Weeds have a bad name because they grow so well as to be quite a nuissance. However, I often wonder why I try so hard to grow one salad green while trying so hard to discourage another. Or when the summer sun is scortching the life out of the lawn, why pull up the only things that are actually green? There is a better way.
My 10 Favorite Weeds
It was difficult to narrow the list down to ten, but here they are, my favorite weeds:
- Dandelion. How do I love thee; let me count the ways: Some of the first greens in spring, dandelions make a tasty, bitter salad. Then come the cheerful, sunny-yellow flowers brightening up the yard after a dreary winter. These flowers are also the delight of pollinators who have little fodder so early in spring. My chickens just adore the calcium-rich leaves of this volunteer plant. They can devour all the dandelions in their paddock and yet full, new leaves will have sprung back by the time the birds are returned to that paddock just a few weeks later. Free chicken feed! If that is not enough, you can make a caffiene-free coffee substitute from the roots or dandelion wine from the blossoms. Incidentally, if you ever want to get rid of them, all you need to do is lay down a layer of cardboard and sheet mulch right over them.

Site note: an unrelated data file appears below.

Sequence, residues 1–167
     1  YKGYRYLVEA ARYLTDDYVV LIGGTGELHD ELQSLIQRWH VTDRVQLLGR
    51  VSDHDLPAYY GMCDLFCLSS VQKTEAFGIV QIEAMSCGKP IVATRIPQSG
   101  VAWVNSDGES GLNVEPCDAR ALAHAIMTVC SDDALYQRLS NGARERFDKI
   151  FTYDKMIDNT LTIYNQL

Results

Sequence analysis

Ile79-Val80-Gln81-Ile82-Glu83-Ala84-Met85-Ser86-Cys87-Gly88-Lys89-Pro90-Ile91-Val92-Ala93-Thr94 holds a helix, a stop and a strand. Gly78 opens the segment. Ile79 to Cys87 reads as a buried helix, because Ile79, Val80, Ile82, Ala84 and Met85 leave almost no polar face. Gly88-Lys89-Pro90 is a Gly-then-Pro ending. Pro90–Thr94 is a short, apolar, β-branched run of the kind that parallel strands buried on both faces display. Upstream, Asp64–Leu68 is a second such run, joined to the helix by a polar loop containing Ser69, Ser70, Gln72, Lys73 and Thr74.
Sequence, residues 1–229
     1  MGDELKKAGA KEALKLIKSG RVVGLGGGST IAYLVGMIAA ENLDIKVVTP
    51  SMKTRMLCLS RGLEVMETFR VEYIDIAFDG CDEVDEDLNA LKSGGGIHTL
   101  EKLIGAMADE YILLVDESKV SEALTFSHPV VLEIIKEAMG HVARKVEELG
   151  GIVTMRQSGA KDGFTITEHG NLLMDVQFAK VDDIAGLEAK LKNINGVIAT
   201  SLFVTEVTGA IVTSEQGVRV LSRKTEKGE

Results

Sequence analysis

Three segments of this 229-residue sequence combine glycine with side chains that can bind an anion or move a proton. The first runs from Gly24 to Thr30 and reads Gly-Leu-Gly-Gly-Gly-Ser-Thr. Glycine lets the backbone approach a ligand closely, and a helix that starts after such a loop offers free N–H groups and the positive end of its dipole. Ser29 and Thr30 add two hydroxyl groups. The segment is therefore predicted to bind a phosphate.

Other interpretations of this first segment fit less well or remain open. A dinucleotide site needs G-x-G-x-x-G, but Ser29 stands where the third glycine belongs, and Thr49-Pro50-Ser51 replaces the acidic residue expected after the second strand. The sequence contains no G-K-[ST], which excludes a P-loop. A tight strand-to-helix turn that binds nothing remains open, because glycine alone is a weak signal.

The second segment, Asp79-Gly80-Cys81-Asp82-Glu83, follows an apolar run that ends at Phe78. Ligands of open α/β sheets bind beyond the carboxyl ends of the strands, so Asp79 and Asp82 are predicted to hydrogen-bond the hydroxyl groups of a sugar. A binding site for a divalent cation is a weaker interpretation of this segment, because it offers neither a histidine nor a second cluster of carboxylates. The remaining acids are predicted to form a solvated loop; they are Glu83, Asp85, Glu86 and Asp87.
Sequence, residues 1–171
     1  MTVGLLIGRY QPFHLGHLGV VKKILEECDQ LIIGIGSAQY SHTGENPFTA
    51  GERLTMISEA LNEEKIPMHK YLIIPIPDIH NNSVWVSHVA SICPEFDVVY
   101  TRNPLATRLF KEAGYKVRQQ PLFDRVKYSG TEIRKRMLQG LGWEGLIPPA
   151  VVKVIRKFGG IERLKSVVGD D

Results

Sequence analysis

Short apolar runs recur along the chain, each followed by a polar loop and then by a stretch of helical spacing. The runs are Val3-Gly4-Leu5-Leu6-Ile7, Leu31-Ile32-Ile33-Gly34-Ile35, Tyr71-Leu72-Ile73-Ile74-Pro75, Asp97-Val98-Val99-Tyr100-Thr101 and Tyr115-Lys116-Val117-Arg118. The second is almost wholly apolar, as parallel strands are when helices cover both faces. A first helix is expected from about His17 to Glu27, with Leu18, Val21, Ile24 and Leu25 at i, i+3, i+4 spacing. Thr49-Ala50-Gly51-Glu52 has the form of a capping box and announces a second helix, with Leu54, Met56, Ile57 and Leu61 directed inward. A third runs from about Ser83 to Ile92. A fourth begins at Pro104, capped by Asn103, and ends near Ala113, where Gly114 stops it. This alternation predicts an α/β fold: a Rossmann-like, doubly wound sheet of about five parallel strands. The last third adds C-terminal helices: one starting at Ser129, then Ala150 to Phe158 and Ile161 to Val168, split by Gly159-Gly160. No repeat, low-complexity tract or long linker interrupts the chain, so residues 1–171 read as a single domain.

- Lamb's Quarters. Less bitter than dandelions, the dusty-looking leaves of lamb's quarters are a great spinach substitute. I enjoy the vitamin- and mineral-rich leaves in green smoothies. The chickens also enjoy this treat. Susceptible to leaf miners, this weed can be a trap plant to protect other crops that are susceptible to leaf miners such as spinach, beets, and chard. Pick off infected leaves, squeeze the leaf to destroy larva and burn it or throw it in the garbage.1
- Plantain. Rich in protein, plantain comes in both narrow leaf and round leaf varieties, and both are useful for food, medicine, and fodder. It is easy transplant to a desirable location, and can withstand grazing. The leaves can be crushed and used to soothe a bee sting. These leaves are best when young and cooked. I like them sauteèd with onions.
- Miners lettuce is a treat for people and chickens. Also known as claytonia, it has a slightly tangy flavor goes well in salads. Miners lettuce thrives in shade and prefers moist-well drained soils. In fact, it really thrives in my gravel paths in spring. This is a great weed to have in your winter salad garden. With protection it will feed you all winter long. Eliot Coleman describes growing claytonia in cold frames all winter in his zone 5 garden in his book Four Season Harvest.